March 7, 2019 | BITE: My Journal

Uskudar: Small Praise Indeed 


Uskudar turns out a good-looking artichoke heart the four of us will share.


          I can’t remember exactly when Miriam Silverberg started butting into my life again with determined regularity. I should have remembered the fiasco we had in 2014 when the irrepressible flack insisted again and again that I must visit her client, a new little French boîte named Paname.

          “Paname…is no big deal,” Silverberg had written me in her third or fourth or fifth urging. “And nothing elaborate.” After finally giving in and checking it out, I did not disagree. “Sorry, Miriam,” I wrote, it was even less than that. “But I’m intrigued by publicist loyalty.”


Yaprak dolmasi, the rolled grape leaf packages at Uskudar are boldly oversize.

          Given my withering putdown of Paname, it was perhaps a bit foolhardy that she came after me again. For weeks now I have been receiving her pitches for Uskudar.

          “I hesitate to write to you because I’m sure you remember the fiasco at Paname. But I have a great authentic Turkish restaurant client that I think you’d like and it really is considered the best and most authentic Turkish restaurant in New York -- Uskudar at 1405 Second Avenue and 73rd Street. It’s been in business for over 30 years. I hope you will try it and forgive me for Paname.”


I'm not sure if this tomato-forward dish is the eggplant.

          And again a week later: “I agree that many restaurants open and close. However, the Turkish restaurant I told you about has been in business for over 30 years. The Times calls it ‘a model of a neighborhood institution.’ If you try it, I think you will like Uskudar.”

          And yet again: “I always enjoy your reviews and yes, I do remember Veronica Lake. If you remember my client, Uskudar, the Turkish restaurant on Second at 73rd, I think you would like it.” 

          Perhaps you’ll think it was perverse of me to indulge this annoying woman. But I had a dinner date with friends who live across town on the Upper East Side and I thought…why not? I love Turkish food.


There are two sections and two doors to Uskudar on Second Avenue. Take your choice.

          Uskudar has two entrances. Vexing. I peer into each window and decide I prefer the nearly deserted space of the uptown cubby. I sweep the velvet curtain aside and give my friend’s name. The perky little greeter consults her crib sheet and yes, she has our reservation. I choose a table in the rear and watch the room fill up.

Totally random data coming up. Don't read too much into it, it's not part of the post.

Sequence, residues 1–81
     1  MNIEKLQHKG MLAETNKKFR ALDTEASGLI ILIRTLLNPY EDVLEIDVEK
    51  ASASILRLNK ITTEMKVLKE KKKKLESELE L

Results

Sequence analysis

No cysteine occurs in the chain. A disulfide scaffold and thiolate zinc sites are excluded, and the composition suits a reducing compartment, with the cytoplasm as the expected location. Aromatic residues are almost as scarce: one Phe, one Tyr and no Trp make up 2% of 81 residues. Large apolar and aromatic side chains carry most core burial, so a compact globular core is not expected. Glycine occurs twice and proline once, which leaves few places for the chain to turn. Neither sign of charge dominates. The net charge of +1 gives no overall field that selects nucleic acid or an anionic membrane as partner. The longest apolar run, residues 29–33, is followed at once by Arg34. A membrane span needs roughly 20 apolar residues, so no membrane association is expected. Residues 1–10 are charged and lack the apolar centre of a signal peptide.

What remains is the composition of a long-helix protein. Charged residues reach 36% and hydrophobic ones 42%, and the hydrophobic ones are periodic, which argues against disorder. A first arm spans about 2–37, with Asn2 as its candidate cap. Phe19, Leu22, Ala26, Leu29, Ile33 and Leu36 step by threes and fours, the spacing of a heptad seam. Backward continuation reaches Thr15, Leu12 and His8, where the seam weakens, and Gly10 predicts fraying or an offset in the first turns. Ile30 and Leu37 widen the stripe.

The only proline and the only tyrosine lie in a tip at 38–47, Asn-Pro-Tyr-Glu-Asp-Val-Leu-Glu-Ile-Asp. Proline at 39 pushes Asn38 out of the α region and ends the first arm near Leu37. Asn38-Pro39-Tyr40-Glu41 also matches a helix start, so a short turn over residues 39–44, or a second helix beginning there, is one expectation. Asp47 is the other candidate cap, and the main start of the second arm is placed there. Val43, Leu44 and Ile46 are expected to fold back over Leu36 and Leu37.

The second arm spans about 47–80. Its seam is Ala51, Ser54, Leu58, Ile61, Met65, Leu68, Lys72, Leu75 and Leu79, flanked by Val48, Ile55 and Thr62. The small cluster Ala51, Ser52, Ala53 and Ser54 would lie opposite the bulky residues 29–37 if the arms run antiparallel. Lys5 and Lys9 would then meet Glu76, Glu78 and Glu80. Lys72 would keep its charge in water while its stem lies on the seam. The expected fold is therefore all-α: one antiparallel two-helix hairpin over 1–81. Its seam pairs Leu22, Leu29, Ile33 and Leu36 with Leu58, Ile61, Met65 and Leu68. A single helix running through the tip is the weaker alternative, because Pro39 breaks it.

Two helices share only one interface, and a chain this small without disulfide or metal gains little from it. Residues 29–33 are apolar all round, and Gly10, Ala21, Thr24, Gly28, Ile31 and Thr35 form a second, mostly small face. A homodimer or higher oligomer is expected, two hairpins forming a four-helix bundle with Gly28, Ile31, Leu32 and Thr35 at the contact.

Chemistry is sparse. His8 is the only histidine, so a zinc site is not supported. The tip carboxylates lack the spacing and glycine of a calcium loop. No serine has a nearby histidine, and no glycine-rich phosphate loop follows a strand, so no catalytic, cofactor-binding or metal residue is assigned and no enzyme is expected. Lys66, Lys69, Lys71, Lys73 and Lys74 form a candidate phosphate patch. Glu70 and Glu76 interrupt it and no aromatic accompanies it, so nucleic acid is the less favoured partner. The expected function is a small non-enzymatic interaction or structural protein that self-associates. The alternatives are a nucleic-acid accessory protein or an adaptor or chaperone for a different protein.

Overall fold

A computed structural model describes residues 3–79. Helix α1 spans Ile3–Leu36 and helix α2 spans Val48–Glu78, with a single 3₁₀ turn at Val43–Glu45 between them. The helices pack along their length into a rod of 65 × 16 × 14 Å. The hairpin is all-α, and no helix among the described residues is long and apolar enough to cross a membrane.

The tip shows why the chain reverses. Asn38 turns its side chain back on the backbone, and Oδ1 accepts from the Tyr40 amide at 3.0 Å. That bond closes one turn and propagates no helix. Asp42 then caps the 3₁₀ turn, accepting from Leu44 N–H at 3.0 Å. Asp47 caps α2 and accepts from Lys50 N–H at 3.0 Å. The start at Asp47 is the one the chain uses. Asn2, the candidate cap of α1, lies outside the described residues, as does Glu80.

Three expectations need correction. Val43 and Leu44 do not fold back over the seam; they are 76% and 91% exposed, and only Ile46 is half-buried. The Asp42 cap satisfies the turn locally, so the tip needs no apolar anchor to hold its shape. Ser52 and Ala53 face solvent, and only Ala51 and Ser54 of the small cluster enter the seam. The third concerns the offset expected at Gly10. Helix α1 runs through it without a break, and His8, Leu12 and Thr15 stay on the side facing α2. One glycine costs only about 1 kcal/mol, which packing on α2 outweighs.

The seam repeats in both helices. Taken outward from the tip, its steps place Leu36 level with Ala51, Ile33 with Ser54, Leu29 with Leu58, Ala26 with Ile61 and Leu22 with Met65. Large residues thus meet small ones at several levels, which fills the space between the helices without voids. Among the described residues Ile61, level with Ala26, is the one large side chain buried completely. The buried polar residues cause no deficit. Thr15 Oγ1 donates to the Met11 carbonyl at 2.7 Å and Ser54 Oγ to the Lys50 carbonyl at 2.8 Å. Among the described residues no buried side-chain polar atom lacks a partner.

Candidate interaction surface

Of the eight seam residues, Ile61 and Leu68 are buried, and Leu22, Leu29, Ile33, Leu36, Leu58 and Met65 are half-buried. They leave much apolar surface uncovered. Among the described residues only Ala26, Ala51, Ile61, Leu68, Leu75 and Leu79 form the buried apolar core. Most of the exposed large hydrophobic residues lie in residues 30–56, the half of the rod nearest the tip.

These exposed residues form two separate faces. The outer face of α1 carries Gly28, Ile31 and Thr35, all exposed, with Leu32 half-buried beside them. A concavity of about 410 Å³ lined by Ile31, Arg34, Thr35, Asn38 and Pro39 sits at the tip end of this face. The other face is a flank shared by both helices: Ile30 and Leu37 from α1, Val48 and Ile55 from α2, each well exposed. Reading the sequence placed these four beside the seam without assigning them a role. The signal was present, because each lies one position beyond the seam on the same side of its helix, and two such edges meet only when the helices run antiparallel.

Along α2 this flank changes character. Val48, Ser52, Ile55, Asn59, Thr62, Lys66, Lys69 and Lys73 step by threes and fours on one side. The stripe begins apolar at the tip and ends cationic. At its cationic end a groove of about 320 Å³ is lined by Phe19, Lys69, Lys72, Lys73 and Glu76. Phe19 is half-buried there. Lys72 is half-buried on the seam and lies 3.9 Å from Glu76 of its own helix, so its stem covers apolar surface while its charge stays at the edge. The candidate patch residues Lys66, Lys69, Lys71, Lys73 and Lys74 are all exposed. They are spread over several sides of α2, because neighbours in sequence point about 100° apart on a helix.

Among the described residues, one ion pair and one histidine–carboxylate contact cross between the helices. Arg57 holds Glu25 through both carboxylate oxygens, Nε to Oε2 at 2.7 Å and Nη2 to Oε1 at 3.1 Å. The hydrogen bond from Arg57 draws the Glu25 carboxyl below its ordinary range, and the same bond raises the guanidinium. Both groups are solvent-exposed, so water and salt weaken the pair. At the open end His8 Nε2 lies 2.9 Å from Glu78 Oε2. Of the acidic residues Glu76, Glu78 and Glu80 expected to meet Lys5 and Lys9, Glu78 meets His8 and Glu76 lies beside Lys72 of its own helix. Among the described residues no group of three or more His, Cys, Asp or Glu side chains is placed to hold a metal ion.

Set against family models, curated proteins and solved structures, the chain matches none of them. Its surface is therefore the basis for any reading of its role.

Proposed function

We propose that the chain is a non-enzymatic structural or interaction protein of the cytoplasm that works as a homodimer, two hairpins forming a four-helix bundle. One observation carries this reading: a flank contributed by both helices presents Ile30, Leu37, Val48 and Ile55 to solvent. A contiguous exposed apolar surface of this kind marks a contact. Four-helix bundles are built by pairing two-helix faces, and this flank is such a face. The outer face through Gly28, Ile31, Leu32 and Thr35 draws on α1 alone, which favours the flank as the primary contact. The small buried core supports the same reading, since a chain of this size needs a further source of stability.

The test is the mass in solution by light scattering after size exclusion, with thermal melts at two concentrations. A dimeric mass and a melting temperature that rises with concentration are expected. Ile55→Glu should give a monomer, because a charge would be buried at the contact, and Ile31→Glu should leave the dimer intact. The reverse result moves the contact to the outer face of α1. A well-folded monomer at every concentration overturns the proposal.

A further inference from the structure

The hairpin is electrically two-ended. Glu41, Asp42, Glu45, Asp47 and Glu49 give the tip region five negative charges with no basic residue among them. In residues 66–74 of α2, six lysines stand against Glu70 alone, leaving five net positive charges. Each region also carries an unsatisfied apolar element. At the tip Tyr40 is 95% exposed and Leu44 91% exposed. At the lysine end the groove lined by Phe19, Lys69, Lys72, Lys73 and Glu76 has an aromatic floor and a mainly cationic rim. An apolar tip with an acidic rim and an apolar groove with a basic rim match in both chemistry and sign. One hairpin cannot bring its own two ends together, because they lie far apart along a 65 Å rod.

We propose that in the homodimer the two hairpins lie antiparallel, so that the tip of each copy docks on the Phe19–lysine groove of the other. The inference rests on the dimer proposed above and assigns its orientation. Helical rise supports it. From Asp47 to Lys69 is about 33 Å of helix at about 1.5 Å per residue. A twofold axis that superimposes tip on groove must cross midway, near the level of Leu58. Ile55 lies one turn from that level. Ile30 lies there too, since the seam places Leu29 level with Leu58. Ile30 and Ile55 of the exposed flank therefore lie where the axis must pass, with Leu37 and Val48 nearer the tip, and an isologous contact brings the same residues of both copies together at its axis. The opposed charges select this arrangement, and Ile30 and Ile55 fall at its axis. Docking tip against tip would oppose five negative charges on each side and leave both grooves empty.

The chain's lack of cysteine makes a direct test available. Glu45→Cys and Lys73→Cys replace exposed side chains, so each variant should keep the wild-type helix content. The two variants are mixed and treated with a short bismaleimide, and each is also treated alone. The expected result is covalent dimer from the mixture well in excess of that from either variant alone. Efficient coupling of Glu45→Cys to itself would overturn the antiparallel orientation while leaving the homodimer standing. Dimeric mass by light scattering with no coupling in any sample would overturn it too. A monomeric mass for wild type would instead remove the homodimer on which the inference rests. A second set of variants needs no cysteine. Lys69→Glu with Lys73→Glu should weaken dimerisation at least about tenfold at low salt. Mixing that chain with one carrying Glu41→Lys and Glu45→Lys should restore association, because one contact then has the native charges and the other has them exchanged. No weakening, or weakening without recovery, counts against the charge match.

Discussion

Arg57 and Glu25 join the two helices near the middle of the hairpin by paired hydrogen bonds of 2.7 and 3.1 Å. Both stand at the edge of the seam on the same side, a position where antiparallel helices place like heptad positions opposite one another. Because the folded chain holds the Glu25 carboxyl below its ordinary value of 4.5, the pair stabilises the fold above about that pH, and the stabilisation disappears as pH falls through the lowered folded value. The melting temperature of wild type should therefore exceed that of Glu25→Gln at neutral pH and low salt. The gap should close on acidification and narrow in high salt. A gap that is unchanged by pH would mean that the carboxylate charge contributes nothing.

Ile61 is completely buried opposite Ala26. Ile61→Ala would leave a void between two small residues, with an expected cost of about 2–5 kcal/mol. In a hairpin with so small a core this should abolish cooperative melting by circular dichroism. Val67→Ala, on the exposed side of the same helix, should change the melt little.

Finally, it seems as if I’ve been waiting forever…it isn’t like my pal Shelley to be this late. It’s almost eight o’clock. “Could she be next door?” I ask the server.



I chose the uptown-most room and watched it fill up while waiting for my friends to arrive.

          “Maybe,” she says with an agreeable smile. I stomp through the kitchen into the other room and there is Shelly…I don't like the tall heater looming over her head, so I suggest she and her friends join my table next door.

          “Is Turkish bread special?” Lisa wants to know as we settle in.



Turkish bread can be special, like this pide, but alas, nothing special about the bread at Uskudar.

          “Well, yes, it can be,” I respond. “There is lavash puff bread and my local Turkish spot on 72nd Street does wonderful, warm puffy discs. But I guess it isn’t going to be special here,” I note, as supermarket bread chunks arrive.



Chicken-okra casserole sounds more adventurous than it actually is.

          Soon enough, all the day’s special starters cover the table. And they are not all anemic, though the “spicy” eggplant with yogurt is disappointingly bland). The braised leeks and carrots are perfectly cooked as is the marvelously tender artichoke bottom with more braised carrots. And the fattest rolled grape leaves I’ve ever seen get points for audacity.



The branzino is almost, but not quite, perfect – a minute less on the heat would have helped.

          All of us have a taste of Lisa’s unexciting chicken and okra casserole. Lindsay divides his wild branzino topped with salad into sharing portions. Can it really be “wild?” for just $26?  “It’s almost perfectly cooked,” Shelley notes. Almost praise indeed.



My pal Shelley and I shared the musakka, a good decision, considering it was easily enough for two.

          She and I share a portion of musakka, chunks of eggplant with ground lamb, piling it on rice pilaf. Was it intentional that the server neglected to charge for the wine my pals picked up in the other room? I guess I should say this for Uskudar. It’s cheap. There’s a $29 three course dinner. Lunch specials, also.

          Too late to remind Miriam Silverberg that Eater once warned her that the legends of food writing are often the most critical.

1408 Second Avenue between 73rd and 74th streets 212 988 4046 Hours daily, noon to 10:30 pm.


More BITES You Might Savor...


   Empty Icebox Blues                             Nur                                    Café Village

Providing a continuous lifeline to homebound elderly New Yorkers